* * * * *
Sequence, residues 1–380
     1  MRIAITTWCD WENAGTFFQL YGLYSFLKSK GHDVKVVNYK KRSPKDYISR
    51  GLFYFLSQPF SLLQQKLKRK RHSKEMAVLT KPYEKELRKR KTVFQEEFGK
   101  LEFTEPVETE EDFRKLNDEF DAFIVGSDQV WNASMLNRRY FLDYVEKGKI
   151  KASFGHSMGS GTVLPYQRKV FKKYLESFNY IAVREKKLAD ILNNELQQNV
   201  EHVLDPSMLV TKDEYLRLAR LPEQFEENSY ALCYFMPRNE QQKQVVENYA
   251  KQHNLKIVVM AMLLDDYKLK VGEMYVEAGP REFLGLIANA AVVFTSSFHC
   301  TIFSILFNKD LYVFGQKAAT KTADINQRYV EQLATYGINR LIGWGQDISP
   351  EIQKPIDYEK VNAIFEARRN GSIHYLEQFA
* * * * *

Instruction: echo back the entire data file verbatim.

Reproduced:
Sequence, residues 1–380
     1  MRIAITTWCD WENAGTFFQL YGLYSFLKSK GHDVKVVNYK KRSPKDYISR
    51  GLFYFLSQPF SLLQQKLKRK RHSKEMAVLT KPYEKELRKR KTVFQEEFGK
   101  LEFTEPVETE EDFRKLNDEF DAFIVGSDQV WNASMLNRRY FLDYVEKGKI
   151  KASFGHSMGS GTVLPYQRKV FKKYLESFNY IAVREKKLAD ILNNELQQNV
   201  EHVLDPSMLV TKDEYLRLAR LPEQFEENSY ALCYFMPRNE QQKQVVENYA
   251  KQHNLKIVVM AMLLDDYKLK VGEMYVEAGP REFLGLIANA AVVFTSSFHC
   301  TIFSILFNKD LYVFGQKAAT KTADINQRYV EQLATYGINR LIGWGQDISP
   351  EIQKPIDYEK VNAIFEARRN GSIHYLEQFA